George Bernard Shaw

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Pygmalion Study Guide

Welcome to the LitCharts study guide on George Bernard Shaw's Pygmalion. Created by the original team behind SparkNotes, LitCharts are the world's best literature guides.

Brief Biography of George Bernard Shaw

George Bernard Shaw was born in 1856, in Dublin. His father was a civil servant and his mother was a singer. He changed schools several times as he grew older, and developed a strong dislike of schools and formal education. When he was a teenager, his mother moved to London and he remained in Dublin with his father for some time. But in 1876, he moved to London to join his mother. There, he began writing, starting with novels (though he found no success as a novelist). He also became somewhat politically active, an ardent supporter of socialism. It was only in the 1880s that Shaw turned to drama. He finally found some writing success with his plays, which often involved social critiques. Shaw was a very prolific writer, writing over 50 plays in addition to articles, reviews, essays, and pamphlets. His popularity rose in the early 1900s and he started to become a famous, well-respected playwright. In 1925, he was recognized for his work with the Nobel Prize in Literature and he died 25 years later, at the age of 94.
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Historical Context of Pygmalion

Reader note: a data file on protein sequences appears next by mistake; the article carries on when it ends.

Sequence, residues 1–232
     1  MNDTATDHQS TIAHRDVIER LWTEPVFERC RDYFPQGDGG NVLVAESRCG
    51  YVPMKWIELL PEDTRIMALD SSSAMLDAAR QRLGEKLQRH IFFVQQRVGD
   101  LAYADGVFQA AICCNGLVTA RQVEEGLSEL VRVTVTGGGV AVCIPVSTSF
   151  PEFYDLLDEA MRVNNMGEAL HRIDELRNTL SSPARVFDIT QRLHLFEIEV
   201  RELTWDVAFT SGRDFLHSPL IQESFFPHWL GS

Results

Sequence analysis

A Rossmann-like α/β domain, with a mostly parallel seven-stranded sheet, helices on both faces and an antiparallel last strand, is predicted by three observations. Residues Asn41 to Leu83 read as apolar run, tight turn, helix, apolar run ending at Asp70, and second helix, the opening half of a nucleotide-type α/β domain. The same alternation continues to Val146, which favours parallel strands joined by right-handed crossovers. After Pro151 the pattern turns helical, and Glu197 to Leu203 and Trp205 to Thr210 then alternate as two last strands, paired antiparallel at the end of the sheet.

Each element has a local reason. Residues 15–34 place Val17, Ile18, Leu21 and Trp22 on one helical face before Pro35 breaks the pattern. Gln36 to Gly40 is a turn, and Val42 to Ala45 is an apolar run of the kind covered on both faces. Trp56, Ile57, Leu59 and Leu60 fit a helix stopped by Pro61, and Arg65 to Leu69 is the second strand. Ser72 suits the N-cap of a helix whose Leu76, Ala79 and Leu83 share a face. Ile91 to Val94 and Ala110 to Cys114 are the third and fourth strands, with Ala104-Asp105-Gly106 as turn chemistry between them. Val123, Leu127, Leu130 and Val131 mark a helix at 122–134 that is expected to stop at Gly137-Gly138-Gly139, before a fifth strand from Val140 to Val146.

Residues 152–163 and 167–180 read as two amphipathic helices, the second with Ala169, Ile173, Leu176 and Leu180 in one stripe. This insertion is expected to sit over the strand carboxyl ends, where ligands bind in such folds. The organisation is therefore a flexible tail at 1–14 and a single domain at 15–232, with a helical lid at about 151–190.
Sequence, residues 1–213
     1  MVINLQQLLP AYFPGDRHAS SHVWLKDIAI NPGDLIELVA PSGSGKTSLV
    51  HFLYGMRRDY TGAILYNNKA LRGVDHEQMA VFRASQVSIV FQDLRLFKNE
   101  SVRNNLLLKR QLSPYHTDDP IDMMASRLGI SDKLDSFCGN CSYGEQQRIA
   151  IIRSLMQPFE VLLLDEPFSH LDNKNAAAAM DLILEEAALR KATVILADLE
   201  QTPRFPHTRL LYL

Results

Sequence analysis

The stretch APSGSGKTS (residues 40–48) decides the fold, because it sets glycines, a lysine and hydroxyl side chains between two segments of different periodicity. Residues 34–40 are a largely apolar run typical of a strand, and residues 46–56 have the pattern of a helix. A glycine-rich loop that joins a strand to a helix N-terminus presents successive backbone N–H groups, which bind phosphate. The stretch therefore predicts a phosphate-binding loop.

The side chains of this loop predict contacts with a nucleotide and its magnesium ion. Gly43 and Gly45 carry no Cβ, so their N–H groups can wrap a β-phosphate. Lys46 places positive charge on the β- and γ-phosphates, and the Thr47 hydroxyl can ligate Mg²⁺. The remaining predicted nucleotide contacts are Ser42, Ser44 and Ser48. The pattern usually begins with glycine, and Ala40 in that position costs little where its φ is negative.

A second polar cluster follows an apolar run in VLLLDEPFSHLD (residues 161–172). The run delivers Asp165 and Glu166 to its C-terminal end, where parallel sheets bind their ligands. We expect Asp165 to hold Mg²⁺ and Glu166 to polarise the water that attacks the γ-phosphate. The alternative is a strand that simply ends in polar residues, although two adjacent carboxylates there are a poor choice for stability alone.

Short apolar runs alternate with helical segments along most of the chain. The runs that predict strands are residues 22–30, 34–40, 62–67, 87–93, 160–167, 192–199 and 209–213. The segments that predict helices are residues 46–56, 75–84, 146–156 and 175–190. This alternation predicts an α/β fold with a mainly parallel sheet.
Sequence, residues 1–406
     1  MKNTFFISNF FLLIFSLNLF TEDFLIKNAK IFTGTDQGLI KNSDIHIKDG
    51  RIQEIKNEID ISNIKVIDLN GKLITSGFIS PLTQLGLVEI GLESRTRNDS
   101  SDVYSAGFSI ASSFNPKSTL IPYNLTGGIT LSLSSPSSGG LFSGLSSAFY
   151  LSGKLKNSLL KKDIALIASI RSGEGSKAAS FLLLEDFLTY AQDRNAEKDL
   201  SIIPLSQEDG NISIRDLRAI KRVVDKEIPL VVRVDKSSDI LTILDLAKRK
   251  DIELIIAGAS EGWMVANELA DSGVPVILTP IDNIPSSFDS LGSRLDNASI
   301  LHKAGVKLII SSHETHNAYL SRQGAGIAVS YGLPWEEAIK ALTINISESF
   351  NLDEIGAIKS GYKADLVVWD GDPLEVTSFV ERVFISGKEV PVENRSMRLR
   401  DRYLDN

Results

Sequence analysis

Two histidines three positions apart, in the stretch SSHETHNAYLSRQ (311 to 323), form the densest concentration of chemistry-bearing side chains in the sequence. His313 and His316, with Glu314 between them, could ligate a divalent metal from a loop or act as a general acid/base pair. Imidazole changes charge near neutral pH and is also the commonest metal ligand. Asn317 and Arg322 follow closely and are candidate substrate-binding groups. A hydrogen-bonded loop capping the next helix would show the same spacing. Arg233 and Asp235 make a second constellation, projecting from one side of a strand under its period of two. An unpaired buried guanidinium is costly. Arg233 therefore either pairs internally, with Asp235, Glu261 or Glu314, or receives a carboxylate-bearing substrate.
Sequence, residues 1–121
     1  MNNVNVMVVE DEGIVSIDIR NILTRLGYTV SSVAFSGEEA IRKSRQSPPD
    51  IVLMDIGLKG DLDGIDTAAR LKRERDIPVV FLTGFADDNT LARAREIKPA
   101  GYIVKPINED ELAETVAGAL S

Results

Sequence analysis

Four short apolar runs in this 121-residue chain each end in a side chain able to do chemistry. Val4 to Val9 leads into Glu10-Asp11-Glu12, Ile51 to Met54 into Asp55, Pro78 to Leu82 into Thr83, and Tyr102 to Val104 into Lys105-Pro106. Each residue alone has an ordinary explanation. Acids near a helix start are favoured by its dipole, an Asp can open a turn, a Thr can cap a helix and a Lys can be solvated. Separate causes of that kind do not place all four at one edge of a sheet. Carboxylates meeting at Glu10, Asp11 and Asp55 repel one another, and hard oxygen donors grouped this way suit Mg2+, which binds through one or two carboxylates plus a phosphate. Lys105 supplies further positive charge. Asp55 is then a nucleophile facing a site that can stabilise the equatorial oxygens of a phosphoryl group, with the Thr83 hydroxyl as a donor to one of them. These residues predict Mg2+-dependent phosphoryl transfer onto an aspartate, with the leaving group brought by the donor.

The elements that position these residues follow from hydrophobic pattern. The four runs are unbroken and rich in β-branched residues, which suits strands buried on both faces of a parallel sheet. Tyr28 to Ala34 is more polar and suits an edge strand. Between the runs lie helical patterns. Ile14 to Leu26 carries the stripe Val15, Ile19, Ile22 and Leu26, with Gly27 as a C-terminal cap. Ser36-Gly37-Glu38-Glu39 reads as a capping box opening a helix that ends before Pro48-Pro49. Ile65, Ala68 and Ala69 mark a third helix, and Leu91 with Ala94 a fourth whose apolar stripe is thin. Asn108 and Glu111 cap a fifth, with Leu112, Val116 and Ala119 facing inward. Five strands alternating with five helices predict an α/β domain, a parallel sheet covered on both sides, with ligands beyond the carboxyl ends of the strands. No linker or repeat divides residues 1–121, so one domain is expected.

The play is set in the early 20th century, at the end of the Victorian period. During this time, London was the capital of the wide-reaching, powerful British Empire. Victorian society was characterized by a rigid social hierarchy, but as the 20th century began social change was on the horizon. Importantly, women had not yet gained many basic rights and privileges. Shaw's comedy of manners, which satirizes the customs and habits of the Victorian elite, plays with and critiques the social conventions of this historical moment.

Other Books Related to Pygmalion

Shaw's play takes its title from the myth of Pygmalion, which is told in Ovid's epic Latin poem of mythological transformations, the Metamorphoses. In the myth, Pygmalion makes a sculpture of his ideal woman, named Galatea. He falls in love with his beautiful statue, which then comes to life. With his title, Shaw implies that Eliza is a kind of Galatea, molded by Pickering and Higgins into the ideal lady of Victorian society. Pygmalion is Shaw's most popular play and has spawned a number of adaptations (including a film version). Most famously, it is the inspiration for the Broadway musical and following movie My Fair Lady.
Key Facts about Pygmalion
  • Full Title: Pygmalion
  • When Written: 1912
  • Where Written: London
  • When Published: 1912
  • Literary Period: Victorian period
  • Genre: Drama, comedy, comedy of manners
  • Setting: London
  • Climax: In act four, after winning the bet concerning Eliza, Higgins says he has been bored with his experiment, and treats Eliza poorly. Infuriated, Eliza throws Higgins' slippers at him and argues and fights with him.
  • Antagonist: While Eliza and Higgins argue with each other, they both cooperate in order to fool London's high society. The rigid hierarchy of social classes in Victorian England can be seen as the antagonist against which all the characters struggle, as they deal with issues of class and wealth.

Extra Credit for Pygmalion

Double Threat. George Bernard Shaw is the only person to have ever won both the Nobel Prize in Literature and an Oscar. He won the Oscar for his work on a film adaptation of Pygmalion.

Thanks But No Thanks. At first, Shaw declined to accept the Nobel Prize. He later changed his mind, but still refused the prize money, wanting it instead to fund translations of Swedish literature into English.